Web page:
By Christina Trester
How lucky are we that we got to go see some of the greatest sights in the world? Experiencing these things with one of my best friend and 12 other strangers was an experience I won’t ever forget. Traveling with people forms a bond you can’t imagine. Wandering the streets of an ancient city like Prague and getting lost brings you closer to the people you’re lost with in an interesting way.
Friendships were made very quickly in these 17 days. It’s a rare circumstance that can bring a group of people together and make them so close in such a short amount of time. We got to experience so many things together and it’s something we will share for many years to come.
Not only did we get to experience all of the sights and wonders these four countries had to offer, but we actually did learn a lot along the way. Getting to visit and hear from the people who are doing news reporting and advertising in different countries helped me understand the culture of those countries and the general culture of news overall.
There are so many differences between the newsrooms in the four different countries. My particular favorite was the acceptance of dogs in the offices of McCann-Erickson in Prague. I wish I could bring my dog with me every time I went to work. It would certainly make the work day more enjoyable!
However, a lot of things are the same too. The idea of journalism and the standards that we all live by are similar, if not the same. We all have the same respect for our profession and hold news to a high standard. Theories behind what we do remain constant even if the way we apply them are different.
One topic that really stuck with me after I came home was the difference between “fast” news and “slow” news. We discussed this in Rome at Pontificia Università della Santa Croce with Rev. Prof. José María La Porte, the dean of the school of church communications. This concept is not necessarily new to me, but it’s something that was specifically pointed out to me in Rome. It’s a theory we all live by in the news world.
The idea is that “fast” news is very much like fast food. It’s quick, not in depth not the best food (news) you’ve ever had, but it serves its purpose well. The best example of this kind of news is breaking news. Typically, it does not go in depth into the issue it is reporting on. Its main purpose is to get the facts out there and let the reader know what is happening.
“Slow” food on the other hand is the sit-down restaurant where you have to wait a little longer for your food, but the quality is much higher. It’s the meals you sit and enjoy over a period of time. Similarly, “slow” news is the long-form stories that dig deep into an issue and get to the main problem or point. These news stories take time both to write and to read. They have a lot of detail and do not come out on deadline. They are published when the story is ready instead of being dictated by the timing of an event.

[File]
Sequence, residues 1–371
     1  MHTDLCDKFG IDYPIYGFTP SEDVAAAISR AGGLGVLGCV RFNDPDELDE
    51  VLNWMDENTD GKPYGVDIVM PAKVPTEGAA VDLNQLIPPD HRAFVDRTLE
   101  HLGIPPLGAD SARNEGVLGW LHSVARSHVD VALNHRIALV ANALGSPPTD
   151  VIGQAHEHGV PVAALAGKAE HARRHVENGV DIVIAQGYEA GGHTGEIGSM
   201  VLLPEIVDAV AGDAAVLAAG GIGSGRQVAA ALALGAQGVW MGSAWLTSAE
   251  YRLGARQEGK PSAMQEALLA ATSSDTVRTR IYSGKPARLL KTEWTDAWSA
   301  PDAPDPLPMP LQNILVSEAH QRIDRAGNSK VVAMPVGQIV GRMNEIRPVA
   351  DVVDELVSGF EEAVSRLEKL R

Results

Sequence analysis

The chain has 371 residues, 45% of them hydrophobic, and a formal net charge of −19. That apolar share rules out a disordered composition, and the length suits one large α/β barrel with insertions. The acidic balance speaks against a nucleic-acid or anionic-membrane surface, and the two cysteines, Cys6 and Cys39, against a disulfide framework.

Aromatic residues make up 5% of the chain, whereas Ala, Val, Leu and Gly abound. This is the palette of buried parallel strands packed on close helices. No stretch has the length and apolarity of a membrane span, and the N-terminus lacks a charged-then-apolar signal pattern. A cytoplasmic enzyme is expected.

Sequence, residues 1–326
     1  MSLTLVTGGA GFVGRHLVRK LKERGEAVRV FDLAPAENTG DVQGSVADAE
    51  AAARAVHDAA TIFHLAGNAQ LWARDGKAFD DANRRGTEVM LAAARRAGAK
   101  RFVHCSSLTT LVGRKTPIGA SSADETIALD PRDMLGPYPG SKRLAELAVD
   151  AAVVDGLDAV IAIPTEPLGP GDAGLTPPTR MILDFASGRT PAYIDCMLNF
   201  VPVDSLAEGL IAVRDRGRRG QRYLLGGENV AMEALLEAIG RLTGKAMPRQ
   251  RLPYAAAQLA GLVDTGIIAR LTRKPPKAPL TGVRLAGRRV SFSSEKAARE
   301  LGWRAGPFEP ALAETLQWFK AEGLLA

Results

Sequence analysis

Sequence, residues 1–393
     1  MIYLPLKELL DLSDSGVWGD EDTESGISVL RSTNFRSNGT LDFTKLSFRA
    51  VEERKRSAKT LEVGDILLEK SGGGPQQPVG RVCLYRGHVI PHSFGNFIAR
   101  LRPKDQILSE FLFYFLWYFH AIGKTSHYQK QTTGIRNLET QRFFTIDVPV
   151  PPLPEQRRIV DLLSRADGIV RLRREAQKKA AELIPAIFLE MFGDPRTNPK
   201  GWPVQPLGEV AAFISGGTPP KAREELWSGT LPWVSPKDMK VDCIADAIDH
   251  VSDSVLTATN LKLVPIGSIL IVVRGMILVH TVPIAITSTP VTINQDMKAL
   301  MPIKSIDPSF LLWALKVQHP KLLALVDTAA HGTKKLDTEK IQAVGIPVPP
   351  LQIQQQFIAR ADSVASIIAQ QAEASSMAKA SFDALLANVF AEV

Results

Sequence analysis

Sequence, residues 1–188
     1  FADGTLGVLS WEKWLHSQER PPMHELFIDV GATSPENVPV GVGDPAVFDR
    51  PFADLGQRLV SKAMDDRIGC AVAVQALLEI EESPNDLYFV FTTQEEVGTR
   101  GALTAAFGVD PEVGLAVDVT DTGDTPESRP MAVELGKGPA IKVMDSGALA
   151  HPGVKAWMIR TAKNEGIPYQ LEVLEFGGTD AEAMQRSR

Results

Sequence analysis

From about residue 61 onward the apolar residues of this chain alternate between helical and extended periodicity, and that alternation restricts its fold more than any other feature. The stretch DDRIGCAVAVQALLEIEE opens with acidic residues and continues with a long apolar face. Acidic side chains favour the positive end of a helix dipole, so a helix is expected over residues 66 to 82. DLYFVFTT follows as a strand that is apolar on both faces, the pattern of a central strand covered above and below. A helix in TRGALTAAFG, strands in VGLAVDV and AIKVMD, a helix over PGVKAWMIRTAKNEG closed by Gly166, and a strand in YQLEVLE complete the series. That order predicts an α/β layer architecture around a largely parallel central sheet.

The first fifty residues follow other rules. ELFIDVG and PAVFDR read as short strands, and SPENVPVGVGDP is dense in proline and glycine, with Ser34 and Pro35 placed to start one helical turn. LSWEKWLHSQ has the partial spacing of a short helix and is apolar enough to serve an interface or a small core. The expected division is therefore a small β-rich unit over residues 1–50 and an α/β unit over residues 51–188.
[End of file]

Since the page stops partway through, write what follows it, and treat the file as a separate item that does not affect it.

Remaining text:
In my time here at the Mizzou School of Journalism, I have devoted a lot of my effort and focus on the creation of information graphics. So, when we had this discussion, I thought a lot about how it applied to me in that capacity. It is still especially true with graphics that some are “fast” news and others “slow” news.
We have shifts every week where we work on both kinds of news. Typically when we come in there will be a request or two for the “fast” news kind of graphics. These graphics would be something like this:
It’s not particularly interesting visually, nor does it tell a very detailed story. It does, however, tell you the exact location of a new student housing complex and get the basic knowledge you need to know out to the reader. These graphic are not the ideal of most any artist, but they are very necessary and serve the reader well. They pair well with stories and are a quick and easy reference.
“Slow” news graphics are typically more self-generated projects. They are in depth, can use more complicated illustrations and normally have several parts to them. An example of this type of graphic would be this (click on the image to see the whole interactive graphic):
This was my final project for the information graphics class. I spend most of the semester researching and putting this graphic together. These are the types of graphics we like to do better because they really dissect a topic and get to the bottom of what it means. They serve the readers by giving them the details on a topic or problem and sometimes can give solutions. They are our equivalent of an investigative reporting or other long-form pieces.
It’s interesting to me that I went all the way to Rome and learned something that is so applicable to my everyday work. Knowing the difference between these two different types of news and graphics can really help to prioritize and understand what the focus of each type needs to be.
My attitude going into my shifts has been slightly different, especially when looking at the “fast” news graphics. I understood before that they didn’t have to be the most beautiful and detailed graphics, but I understand now why that is.
I learned a lot on this fast paced trip. I could go on and on about all the lessons I learned from finally liking beer to the structure of different newsrooms to the similarities that exist in all journalism even if it’s on a different continent as well as the differences. I will take this life experience with me and apply it to my life for many, many years to come.